According to online dating site Match, the busiest season for online dating runs from Boxing Day through to Valentine’s Day, with the peak taking place at the end of the first week in January.
With the excitement (or however you view it) of Christmas and New Year a distant memory, February has become the time for Get Safe Online and other online safety awareness resources to talk about keeping your online relationships safe. That’s mainly because many people’s thoughts still turn to romance around Valentine’s Day, whether it’s sending the traditional cheeky anonymous card, or getting down to some serious swiping.
The benefits of choice and convenience brought by online dating are well-known, with many encounters growing into long-term relationships. However, there are also downsides, one of these being the growing phenomenon of romance scams.
You’ve read about them, you may know someone that has fallen victim, or you may have even been the subject of an attempted or successful scam yourself. They start with authentic-looking but fake profiles using somebody else’s photos – posted by organised crime gangs whose sole aim is to defraud innocent women and men who think they’ve found love. Typical scenarios include your new suitor needing a ‘loan’ to help them come to the UK to see you, or perhaps they ask you to pay for life-saving treatment for a sick relative. There are many more.
Every month, hundreds of men and women in the UK are conned out of sums as large as hundreds of thousands of pounds in this way, often causing financial ruin and the trauma that accompanies it. It’s a particularly heartless crime as it also dashes victims’ hopes of finding love.
Here are some expert tips to help online daters keep themselves safe from fraud. We’ve compiled these in collaboration with the Dating Fraud Partnership, of which we are a member alongside the City of London Police, Metropolitan Police, Victim Support, Age UK and the Online Dating Association:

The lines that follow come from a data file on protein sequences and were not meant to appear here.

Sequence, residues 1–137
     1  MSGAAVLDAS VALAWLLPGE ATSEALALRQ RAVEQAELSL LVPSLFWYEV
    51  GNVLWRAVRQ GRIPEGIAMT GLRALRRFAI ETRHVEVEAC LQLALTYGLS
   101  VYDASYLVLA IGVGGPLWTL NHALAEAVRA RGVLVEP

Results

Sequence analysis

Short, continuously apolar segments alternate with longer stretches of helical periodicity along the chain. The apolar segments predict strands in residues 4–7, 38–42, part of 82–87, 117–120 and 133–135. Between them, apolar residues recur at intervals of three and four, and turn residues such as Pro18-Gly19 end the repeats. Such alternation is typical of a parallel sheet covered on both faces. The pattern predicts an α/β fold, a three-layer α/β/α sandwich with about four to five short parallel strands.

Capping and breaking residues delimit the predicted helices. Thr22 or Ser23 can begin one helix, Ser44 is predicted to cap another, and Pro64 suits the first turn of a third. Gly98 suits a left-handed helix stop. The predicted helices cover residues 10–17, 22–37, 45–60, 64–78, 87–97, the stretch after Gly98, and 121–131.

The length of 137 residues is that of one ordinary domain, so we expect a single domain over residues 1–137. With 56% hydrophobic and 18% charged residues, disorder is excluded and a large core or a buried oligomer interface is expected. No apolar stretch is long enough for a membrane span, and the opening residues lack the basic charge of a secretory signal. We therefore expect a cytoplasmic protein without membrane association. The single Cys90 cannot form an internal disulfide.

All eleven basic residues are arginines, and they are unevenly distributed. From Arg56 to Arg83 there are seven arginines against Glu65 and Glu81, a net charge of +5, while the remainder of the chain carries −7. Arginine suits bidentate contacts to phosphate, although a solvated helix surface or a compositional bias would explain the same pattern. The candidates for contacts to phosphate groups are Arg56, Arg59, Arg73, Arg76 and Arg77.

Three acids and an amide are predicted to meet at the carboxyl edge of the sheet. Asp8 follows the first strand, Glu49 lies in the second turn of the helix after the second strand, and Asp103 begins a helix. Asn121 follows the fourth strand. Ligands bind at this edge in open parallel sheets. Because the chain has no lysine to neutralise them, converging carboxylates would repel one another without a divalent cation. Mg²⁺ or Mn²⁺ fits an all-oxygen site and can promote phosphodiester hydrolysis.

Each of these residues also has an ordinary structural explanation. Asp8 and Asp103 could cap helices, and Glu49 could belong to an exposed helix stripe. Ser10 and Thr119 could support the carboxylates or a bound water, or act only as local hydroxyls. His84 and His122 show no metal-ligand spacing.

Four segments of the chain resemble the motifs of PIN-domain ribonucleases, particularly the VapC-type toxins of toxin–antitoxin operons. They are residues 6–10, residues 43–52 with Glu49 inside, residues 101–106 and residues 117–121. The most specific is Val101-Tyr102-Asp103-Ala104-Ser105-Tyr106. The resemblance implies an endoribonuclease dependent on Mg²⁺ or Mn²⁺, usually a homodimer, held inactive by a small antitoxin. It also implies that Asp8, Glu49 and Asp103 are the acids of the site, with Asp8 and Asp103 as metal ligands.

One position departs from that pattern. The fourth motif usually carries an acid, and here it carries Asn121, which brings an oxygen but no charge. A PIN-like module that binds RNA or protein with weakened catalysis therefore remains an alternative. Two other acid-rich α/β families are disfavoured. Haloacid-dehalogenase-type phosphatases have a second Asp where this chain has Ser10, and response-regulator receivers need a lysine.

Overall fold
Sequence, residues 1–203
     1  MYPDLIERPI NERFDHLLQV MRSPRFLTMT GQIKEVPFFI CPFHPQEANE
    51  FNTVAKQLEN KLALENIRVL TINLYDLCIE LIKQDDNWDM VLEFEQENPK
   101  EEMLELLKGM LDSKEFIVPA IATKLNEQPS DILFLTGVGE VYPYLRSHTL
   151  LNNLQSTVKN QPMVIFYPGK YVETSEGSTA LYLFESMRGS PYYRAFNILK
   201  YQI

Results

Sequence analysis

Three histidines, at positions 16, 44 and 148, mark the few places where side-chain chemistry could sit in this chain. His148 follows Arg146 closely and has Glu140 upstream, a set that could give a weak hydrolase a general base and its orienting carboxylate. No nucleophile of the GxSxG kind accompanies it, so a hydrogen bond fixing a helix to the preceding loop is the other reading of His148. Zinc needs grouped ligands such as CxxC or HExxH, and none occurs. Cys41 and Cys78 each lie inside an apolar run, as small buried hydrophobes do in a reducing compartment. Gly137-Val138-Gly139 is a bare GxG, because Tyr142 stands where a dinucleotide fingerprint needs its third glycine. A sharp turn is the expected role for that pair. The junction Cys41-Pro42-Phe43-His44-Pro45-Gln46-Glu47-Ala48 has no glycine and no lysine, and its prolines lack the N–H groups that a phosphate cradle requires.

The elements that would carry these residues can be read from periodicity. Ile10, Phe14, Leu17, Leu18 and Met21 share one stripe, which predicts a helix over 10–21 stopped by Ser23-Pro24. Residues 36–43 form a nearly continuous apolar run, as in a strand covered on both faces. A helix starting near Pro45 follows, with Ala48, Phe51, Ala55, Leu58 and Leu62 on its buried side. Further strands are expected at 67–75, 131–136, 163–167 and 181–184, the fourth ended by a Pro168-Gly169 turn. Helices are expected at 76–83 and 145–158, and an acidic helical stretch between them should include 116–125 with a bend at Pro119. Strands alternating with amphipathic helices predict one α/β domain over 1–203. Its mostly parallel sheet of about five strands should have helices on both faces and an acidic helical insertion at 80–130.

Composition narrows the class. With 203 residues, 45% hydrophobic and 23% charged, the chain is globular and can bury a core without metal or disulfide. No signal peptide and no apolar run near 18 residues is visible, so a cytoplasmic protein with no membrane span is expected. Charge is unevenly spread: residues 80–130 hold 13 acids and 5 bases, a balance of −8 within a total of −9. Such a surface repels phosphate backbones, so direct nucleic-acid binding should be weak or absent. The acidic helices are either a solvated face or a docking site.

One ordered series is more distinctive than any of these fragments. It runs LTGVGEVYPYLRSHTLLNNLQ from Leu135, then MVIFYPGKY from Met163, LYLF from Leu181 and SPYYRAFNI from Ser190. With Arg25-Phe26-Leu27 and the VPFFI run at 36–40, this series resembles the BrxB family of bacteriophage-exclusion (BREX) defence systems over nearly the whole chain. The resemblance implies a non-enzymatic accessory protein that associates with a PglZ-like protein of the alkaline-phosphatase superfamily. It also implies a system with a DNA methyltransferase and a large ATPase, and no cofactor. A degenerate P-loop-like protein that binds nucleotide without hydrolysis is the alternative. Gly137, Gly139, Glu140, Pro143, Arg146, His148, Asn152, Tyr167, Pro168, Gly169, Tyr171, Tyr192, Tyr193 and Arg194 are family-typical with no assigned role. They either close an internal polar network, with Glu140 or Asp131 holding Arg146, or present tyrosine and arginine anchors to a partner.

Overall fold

Don’t rush into an online relationship – get to know the person, not the profile and ask plenty of questions.
Analyse their profile and check the person is genuine by putting their name, profile pictures or any repeatedly used phrases and the term ‘dating scam’ into your search engine.
Talk to your friends and family about your dating choices. Be wary of anyone who tells you not to tell others about them.
Evade scammers by never sending money to, or sharing your bank details with, someone you’ve met online, no matter what reason they give or how long you’ve been speaking to them.
Stay on the dating site messenger service until you’re confident the person is who they say they are. If you do decide to meet in person, make sure the first meeting is in a public place and let someone else know where you’re going to be.
Much online dating fraud doesn’t get reported because of the victim’s embarrassment. However, if you don’t report a fraud (of this or any kind) that happens to you, there’s no chance of getting your money back, and equally, no chance of tracking down the criminals, who will carry on defrauding innocent, hopeful people. There’s no need to be embarrassed, because nobody in law enforcement is going to judge you.
If you’re unfortunate enough to become a victim, report it immediately to Action Fraud at their website or on 0300 123 2040 – as well as the dating site where you met the perpetrator and your bank.
More information – including other potential pitfalls of online dating to be aware of – can be found on the Get Safe Online website.
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